New Indians: Mantra

by Jess Carter

30 April 2019

A new Indian restaurant has come to town, making use of some of the best views in the city

The site that Mantra is now housed in – 5 Bladud Buildings on Bath’s The Paragon – has had several names above the door over the last handful of years. Cowshed – which has had a restaurant in Bristol for a decade – opened here in the autumn of 2014, two years after getting the keys to the premises and bestowing some serious TLC on the place. Fast-forward two more years to the autumn of 2016 and The Clifton Sausage was moving in to give its 14-year-old Bristol location a new sibling. Then, in late 2018, a new independent curry house took up residence – named Mantra.

The building itself is really quite handsome. Grade II listed, it’s Georgian with add-ons and, inside, sports plenty of bare Bath stone. There’s casual seating towards the windowed front of the restaurant, with a deep, tufted bench in one of the alcoves (which would be perfect for curling up on, post-feed, we thought) as well as tall tables with bar stools.

Through the back is an extension to the original building, which has to be the venue’s biggest sell. The former exterior walls of the restaurant have been left natural while the far end of the room is floor-to-ceiling glass, so you can see through to the outdoor terrace that drops off to reveal an impressive display of Bath’s bordering countryside. The kind of view you really don’t see every day – especially from a city centre joint. This is where I’ve sat in all of the restaurant’s previous incarnations, and it’s where we sat when we visited Mantra for the first time. (There is more seating in the basement, including some in the form of a U-shaped chef’s table facing the kitchen pass.)

Pops of colour have been injected into the otherwise neutral colour palette by way of bright cushions scattered on the banquette seating and hand-painted artwork.

Watching the early evening sun turn golden as it lit up the honey-coloured houses dotted amongst that lush green backdrop, we got the drinks in – an obligatory Cobra for M, and a glass of dry white pour moi (there’s a decent wine list here that’s been curated especially to go with the food).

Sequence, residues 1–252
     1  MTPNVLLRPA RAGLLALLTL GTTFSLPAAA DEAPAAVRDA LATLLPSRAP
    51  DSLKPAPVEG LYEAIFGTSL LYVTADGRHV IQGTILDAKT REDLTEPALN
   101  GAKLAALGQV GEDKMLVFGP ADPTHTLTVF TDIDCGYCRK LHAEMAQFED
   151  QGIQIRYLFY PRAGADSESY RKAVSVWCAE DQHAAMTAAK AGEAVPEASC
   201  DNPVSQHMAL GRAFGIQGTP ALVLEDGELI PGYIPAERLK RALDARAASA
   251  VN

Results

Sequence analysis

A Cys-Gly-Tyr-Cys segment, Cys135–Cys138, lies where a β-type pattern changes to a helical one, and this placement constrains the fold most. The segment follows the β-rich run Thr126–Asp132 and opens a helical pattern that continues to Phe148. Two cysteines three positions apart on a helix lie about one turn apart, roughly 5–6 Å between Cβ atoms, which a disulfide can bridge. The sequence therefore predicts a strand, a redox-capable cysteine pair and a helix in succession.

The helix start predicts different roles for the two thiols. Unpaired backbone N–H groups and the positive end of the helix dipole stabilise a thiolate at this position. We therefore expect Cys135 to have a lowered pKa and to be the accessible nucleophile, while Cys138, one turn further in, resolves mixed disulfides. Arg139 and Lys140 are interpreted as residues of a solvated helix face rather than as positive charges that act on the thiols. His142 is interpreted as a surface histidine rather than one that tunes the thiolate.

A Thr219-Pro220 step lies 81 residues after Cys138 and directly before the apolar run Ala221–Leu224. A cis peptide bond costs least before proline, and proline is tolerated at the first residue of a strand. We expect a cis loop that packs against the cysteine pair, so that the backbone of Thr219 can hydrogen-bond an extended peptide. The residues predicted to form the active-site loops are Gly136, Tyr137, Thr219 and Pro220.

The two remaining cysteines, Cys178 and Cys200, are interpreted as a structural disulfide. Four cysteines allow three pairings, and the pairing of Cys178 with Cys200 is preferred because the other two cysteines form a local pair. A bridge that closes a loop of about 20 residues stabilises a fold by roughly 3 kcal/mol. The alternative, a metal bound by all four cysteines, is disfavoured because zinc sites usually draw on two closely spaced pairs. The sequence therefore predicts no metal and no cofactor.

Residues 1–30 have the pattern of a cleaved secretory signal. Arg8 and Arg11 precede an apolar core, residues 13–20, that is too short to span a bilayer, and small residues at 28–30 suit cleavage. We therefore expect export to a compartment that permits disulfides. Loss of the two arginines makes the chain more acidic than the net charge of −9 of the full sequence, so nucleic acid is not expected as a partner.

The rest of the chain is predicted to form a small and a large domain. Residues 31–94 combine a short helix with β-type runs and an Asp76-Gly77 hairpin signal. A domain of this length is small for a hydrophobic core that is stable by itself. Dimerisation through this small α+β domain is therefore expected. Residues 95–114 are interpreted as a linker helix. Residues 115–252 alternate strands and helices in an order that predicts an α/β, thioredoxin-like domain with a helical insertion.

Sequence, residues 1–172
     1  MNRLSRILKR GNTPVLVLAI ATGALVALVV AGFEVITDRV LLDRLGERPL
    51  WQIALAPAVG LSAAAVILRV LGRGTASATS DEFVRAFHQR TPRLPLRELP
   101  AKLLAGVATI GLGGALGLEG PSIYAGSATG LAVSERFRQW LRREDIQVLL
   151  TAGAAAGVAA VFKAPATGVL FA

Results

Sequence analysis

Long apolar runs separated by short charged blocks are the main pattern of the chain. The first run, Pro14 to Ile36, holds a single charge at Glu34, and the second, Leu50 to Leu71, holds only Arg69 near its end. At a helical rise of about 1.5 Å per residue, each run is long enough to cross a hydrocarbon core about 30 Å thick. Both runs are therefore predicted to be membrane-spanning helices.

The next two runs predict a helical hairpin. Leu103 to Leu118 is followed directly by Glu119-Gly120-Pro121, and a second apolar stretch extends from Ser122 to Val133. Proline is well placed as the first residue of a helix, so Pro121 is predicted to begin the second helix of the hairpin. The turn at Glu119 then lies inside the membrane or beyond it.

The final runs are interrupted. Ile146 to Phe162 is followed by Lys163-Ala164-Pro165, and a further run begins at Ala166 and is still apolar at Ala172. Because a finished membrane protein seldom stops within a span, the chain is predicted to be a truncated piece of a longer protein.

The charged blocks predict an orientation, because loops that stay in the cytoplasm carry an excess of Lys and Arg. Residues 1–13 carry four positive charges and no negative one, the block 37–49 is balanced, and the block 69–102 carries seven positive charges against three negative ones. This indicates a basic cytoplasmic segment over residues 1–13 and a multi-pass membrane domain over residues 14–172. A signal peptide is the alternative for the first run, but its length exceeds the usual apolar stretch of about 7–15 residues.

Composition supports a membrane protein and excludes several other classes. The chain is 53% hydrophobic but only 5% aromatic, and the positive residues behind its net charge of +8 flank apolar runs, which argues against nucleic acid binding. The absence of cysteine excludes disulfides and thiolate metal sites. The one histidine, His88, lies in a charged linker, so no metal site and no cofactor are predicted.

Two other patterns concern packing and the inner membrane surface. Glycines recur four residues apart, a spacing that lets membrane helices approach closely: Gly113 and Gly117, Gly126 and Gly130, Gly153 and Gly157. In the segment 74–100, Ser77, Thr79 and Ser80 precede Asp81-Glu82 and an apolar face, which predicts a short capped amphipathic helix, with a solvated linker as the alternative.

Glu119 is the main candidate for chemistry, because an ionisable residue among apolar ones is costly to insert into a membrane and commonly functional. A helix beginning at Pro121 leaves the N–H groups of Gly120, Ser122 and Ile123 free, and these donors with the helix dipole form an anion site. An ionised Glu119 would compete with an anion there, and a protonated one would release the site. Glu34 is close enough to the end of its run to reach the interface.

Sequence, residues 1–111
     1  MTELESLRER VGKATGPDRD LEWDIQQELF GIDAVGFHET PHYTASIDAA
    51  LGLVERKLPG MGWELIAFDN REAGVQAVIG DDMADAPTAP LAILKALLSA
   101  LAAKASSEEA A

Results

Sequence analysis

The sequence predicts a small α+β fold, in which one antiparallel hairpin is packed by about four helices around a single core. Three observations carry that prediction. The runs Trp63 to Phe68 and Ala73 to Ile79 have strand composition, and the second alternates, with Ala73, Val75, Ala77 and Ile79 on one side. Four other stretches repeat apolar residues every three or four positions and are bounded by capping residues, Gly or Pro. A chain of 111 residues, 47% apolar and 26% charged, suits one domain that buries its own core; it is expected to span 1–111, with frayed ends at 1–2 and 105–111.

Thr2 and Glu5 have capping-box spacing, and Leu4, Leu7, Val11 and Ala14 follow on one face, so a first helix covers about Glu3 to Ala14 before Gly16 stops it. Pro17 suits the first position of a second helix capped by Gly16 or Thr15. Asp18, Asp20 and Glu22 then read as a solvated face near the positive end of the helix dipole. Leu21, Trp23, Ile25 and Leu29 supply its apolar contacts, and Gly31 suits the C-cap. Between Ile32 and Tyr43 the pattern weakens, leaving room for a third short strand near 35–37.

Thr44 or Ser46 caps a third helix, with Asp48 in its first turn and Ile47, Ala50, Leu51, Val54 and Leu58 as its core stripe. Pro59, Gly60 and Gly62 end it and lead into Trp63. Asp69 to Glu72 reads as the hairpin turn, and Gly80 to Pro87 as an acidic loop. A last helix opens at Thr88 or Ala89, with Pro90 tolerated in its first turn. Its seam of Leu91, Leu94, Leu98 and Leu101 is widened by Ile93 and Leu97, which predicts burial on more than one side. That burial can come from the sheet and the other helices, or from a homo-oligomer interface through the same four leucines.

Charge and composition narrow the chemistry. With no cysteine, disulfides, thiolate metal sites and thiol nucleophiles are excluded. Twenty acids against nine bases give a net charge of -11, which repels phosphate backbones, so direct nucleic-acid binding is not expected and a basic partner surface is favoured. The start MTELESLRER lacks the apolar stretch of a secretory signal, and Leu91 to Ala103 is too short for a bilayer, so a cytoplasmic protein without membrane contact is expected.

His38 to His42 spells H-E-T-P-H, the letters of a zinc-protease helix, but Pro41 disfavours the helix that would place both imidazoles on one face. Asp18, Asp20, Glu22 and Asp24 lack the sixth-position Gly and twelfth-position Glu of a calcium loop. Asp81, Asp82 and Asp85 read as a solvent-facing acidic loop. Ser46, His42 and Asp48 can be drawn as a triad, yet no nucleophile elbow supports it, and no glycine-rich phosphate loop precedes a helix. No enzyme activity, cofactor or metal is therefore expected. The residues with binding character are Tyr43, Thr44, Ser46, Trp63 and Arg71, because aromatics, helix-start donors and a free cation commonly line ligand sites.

And so to the menu. Expect Southern Indian-style dosas as well as the likes of slow-cooked spiced lamb shank and fish of the day in Hyderabadi-style salan, as well as some of the usual suspects like chicken tikka masala et al.

It was the four-course set menu (£25) that we ate from. It began – of course – with poppadoms, served broken into shards in a large bowl with fresh-tasting dips. Dosas were next, the thin rice pancakes wrapped around a filling of chicken tikka and served with samba (a spiced sauce made with vegetables and lentils) and an almost fluorescent-yellow coconut chutney. On the side was a really good onion bhaji – crisp but not overdone, it was evenly cooked, golden and sat in a dollop of tangy tamarind chutney.

Mains on this set menu are Hyderabadi chilli chicken and Kashmiri lamb rogan josh, which come with tadka dal, plain naan and pilau rice. The meat in both mains was great – no fatty or gristly bits to speak of and they’d been cooked to their strengths (the lamb slowly, so that the soft hunks broke into flakes, and the chicken so that it stayed juicy and tender). The Hyderabadi-style sauce was the fierier of the two, but with a dry heat that still allowed you to appreciate the blend of spices, while the dark coloured rogan josh was more mild and aromatic.

We were told the way to go about eating these was with the naan – only when that’s all gone should we tuck into the rice. It makes sense, in practice – you can grab the hunks of meat with the bread, while the rice is great for absorbing all that sauce. That said, I’m merely passing on the message – please do eat your Indian food in whichever order you see fit. Go crazy. You maverick, you.

For pud, gulab jamun (a doughy ball made from milk solids and served steeped in syrup) was plated up with a scoop of silky ice cream and chunks of pistachio. Not too heavy after that feed, or overly sweet.

Mantra is partly familiar and partly novel, so you can use it as your regular curry house or neighbourhood dinnertime hangout. Or both. Just keep your fingers crossed it makes it past the tricky two-year mark here.

Mantra, 5 Bladud Buildings, Bath BA1 5LS; 01225 446332

Main image: Leon Day